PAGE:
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©2019 by Prometheus Dreaming

A Girl's History of Consent

by Sarah Stuteville

The sound of her voice is so nerdy and determined and yet still, somehow, eager to please. It cuts through the clattering morning and squeezes my chest with a swift brutal twist.

 

I am here today not because I want to be. I am terrified,” she says from behind the curtains of her blonde hair and I put down my butter knife to rub where it hurts—behind my sternum and a little left.

 

“Why are we listening to this?” Alex asks, our baby daughter perched on his hip.

 

“I want to,” I shoot back sharply and then pause, “Why? You think it’s bad for him to hear? You think he understands?” I ask nodding towards our son, the oldest. He’s eating a frozen waffle at our perpetually sticky kitchen table and I wonder if this is yet another example of my underdeveloped mothering instincts.

 

I do not remember all of the details of how that gathering came together,” she quavers on, “but like many that summer, it was almost surely a spur-of-the-moment gathering.” And the scene comes into focus in my mind—a rich boy’s house and a summer night that has run into a hundred summer nights.

 

“I don’t know, it’s just upsetting,” my husband continues, “I don’t want to listen to it. It’s a circus.” A flush is prickling up my neck and I can’t tell if it’s rage or guilt. I suspect Alex doesn’t want to deal with me being upset and is hiding his impatience behind sensitivity—a clever ploy that’s near impossible to confront. I consider trying to anyway, ruining the morning, scaring the kids, being what I ultimately know I am; emotional, impulsive, unreasonable, and very, very angry.

 

When I got to the top of the stairs, I was pushed from behind into a bedroom. I couldn’t see who pushed me,” she says as I huff down the hall to listen in private. Crouched on the toilet, I think about her climbing the stairs to the bathroom.

 

I used to go to the bathroom at parties to just be alone. I had panic attacks when I was the age of the girl in her memory—which were dulled by alcohol but only after I’d had a lot. I often needed the sanctuary of a locked bathroom a few times a night. I’d spend fifteen minutes listening to my ragged breath, studying the contents of medicine cabinets and pressing cold water against my burning red cheeks. Just outside white boys listened to Wu-Tang and hit bongs while clusters of sweet-lotioned girls smoked cigarettes, raided liquor cabinets and plotted. But the girl on the radio never made it to the bathroom that night.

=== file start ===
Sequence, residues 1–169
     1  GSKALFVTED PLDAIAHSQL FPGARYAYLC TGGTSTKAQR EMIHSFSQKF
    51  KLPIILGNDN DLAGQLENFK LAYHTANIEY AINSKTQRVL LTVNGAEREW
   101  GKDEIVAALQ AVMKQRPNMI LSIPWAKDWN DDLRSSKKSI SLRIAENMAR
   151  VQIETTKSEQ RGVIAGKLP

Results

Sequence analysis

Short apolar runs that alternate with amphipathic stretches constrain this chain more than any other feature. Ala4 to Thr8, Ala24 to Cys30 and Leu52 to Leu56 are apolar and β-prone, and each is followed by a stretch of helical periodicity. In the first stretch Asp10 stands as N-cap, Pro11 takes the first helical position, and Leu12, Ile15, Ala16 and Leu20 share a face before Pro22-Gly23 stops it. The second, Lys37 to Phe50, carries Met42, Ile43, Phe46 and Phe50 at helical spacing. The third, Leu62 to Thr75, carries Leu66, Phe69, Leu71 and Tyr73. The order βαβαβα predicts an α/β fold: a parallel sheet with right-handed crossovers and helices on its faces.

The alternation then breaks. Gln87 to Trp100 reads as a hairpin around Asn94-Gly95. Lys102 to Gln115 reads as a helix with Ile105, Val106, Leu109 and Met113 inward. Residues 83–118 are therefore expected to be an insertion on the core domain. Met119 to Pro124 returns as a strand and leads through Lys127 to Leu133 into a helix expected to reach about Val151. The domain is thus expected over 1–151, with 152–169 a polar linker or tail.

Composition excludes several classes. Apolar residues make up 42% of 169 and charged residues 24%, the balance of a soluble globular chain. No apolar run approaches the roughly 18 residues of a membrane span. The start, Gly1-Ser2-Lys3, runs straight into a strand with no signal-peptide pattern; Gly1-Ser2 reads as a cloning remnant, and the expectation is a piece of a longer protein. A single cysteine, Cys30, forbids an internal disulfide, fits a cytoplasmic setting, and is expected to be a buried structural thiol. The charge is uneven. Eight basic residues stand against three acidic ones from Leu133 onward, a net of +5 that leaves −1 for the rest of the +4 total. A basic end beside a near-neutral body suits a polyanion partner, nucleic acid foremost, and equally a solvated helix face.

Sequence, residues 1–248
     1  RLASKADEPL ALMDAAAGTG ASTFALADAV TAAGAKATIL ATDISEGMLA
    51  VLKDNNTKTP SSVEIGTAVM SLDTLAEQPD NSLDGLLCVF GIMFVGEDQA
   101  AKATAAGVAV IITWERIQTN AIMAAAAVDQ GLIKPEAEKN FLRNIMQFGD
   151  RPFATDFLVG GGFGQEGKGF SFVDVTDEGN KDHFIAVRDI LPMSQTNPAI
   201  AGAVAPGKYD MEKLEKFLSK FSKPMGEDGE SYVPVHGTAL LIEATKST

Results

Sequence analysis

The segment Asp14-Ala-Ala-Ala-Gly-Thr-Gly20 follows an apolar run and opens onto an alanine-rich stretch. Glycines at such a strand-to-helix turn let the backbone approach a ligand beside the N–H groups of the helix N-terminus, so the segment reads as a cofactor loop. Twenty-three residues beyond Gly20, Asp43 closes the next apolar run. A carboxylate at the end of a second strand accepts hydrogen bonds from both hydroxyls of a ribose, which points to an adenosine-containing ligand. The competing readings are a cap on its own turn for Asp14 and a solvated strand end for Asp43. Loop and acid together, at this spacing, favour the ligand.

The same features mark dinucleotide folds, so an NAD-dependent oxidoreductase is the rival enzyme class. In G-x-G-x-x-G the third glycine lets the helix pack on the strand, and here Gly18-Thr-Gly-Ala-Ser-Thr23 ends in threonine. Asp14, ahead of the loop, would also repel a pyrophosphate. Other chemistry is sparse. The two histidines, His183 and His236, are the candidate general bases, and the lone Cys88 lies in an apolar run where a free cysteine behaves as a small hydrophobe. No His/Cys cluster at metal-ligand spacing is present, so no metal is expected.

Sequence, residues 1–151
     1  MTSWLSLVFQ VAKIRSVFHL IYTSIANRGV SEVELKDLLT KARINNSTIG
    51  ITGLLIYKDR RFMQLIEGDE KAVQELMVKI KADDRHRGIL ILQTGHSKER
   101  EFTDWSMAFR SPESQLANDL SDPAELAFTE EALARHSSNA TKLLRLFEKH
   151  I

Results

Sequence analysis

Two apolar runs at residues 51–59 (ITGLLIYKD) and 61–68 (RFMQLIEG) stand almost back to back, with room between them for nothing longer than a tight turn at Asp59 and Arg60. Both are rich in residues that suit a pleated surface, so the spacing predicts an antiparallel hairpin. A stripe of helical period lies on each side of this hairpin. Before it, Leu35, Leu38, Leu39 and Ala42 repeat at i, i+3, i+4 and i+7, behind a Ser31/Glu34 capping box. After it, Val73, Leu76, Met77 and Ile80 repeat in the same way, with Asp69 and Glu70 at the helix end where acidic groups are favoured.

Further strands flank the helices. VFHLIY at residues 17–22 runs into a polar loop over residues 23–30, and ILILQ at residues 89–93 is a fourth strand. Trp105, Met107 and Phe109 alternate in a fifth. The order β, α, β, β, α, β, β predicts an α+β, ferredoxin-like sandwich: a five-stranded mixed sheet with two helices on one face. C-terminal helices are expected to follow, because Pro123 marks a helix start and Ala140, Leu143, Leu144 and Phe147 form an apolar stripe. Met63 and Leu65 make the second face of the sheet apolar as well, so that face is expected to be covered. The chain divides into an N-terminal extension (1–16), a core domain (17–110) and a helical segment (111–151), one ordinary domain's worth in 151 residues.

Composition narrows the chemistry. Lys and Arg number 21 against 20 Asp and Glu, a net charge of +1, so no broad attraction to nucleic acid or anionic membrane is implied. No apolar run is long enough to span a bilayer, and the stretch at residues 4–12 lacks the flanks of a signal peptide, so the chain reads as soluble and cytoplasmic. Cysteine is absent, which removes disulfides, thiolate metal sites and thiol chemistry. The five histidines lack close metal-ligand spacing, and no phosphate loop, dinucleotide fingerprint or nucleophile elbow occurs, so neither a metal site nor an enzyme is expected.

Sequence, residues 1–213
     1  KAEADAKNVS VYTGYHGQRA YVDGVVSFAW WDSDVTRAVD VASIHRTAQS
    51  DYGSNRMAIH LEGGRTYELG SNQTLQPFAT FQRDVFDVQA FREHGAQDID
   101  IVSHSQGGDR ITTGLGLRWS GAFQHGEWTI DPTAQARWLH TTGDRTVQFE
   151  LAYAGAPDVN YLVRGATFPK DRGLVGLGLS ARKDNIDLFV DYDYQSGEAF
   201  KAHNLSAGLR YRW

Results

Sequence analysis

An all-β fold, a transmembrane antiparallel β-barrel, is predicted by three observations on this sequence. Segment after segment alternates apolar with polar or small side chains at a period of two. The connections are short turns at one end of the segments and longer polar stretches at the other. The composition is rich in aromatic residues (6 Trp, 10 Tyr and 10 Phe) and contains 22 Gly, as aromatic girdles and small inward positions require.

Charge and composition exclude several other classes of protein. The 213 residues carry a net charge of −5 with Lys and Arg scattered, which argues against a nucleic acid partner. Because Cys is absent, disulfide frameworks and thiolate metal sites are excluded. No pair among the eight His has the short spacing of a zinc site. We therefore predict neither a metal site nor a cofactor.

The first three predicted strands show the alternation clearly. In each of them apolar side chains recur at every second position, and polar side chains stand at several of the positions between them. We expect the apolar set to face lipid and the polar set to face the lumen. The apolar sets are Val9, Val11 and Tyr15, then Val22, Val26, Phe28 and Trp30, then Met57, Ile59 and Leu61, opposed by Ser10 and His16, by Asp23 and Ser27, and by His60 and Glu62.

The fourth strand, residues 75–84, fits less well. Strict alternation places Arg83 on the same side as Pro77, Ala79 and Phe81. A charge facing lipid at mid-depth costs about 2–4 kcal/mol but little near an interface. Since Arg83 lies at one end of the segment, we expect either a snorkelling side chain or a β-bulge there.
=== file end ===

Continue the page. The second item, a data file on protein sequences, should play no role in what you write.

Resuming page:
There was music already playing in the bedroom. It was turned up louder by either Brett or Mark once we were in the room,” she continues, as the country considers the veracity of her story, the depth of her humanity, and then proceeds in the timeless matter of dividing that sum by the power of the man in question.


 

When I was a kid I got prank calls at home from someone who would ask me if I was alone. “Flip up Fridays” at my elementary school were Fridays when boys would lift your skirt if you were wearing one. I can still feel the breath of the adult men who came up behind me and kissed my neck in a kitchen and on a stairwell. My dad once told me that if a man ever threatened me at gun point, I should run because being shot in the back would be better than what he would do if he caught me. My mom told me to learn how to watch for men who hated women, “They’re out there,” she said, “A lot of them.”

 

I was ten before I saw an adult vagina. It was in a Playboy I found in my father’s desk.

I had once found a 1960s-era manual for “A Satisfying Sex Life” in this same drawer. There were airplane-safety-style drawings in postures of static pleasure. On one a woman sat on top of a man. Her back was an arch and her two-dimensional hair a-tumble. The man’s legs were rigid and his feet pointed artlessly to the ceiling but his black-line eyes and flat dot pupils were fixed on her. Underneath the photo a caption stated, “women sometimes enjoy a strong smack on the rear during intercourse.”

 

But these line drawings with their playful suggestions did not prepare me for a 1980s vagina and the woman’s body attached to it. Her brown teased hair falling in her half-mast eyes like poodle curls and mixing with the hay in the bales behind her. Her white cowboy boots up against her orange-brown skin, her legs spread so wide she looked injured. This Playboy would become important social currency for me when I begin offering it up, a few minutes at a time, to neighborhood girls. But first I sat alone on the forest green rug of our TV room, cold afternoon light slanting in the basement windows and studied. Her excruciating vulnerability—so open and limp, so strange and compelling, so easily hurt—flooded me with fear. If I could draw, I swear I would draw her in perfect detail. She is burned in my mind, this woman posed like a sexily stunned barn animal. I often remind myself she also likely exists somewhere today—this woman who helped brace me for what was coming. I imagine she is now a sixty-year-old woman contemplating products in a grocery store or scrolling through her Facebook feed. I wonder what I’d ask her if we met.

 

“The sound of their laughter indelible in the hippocampus”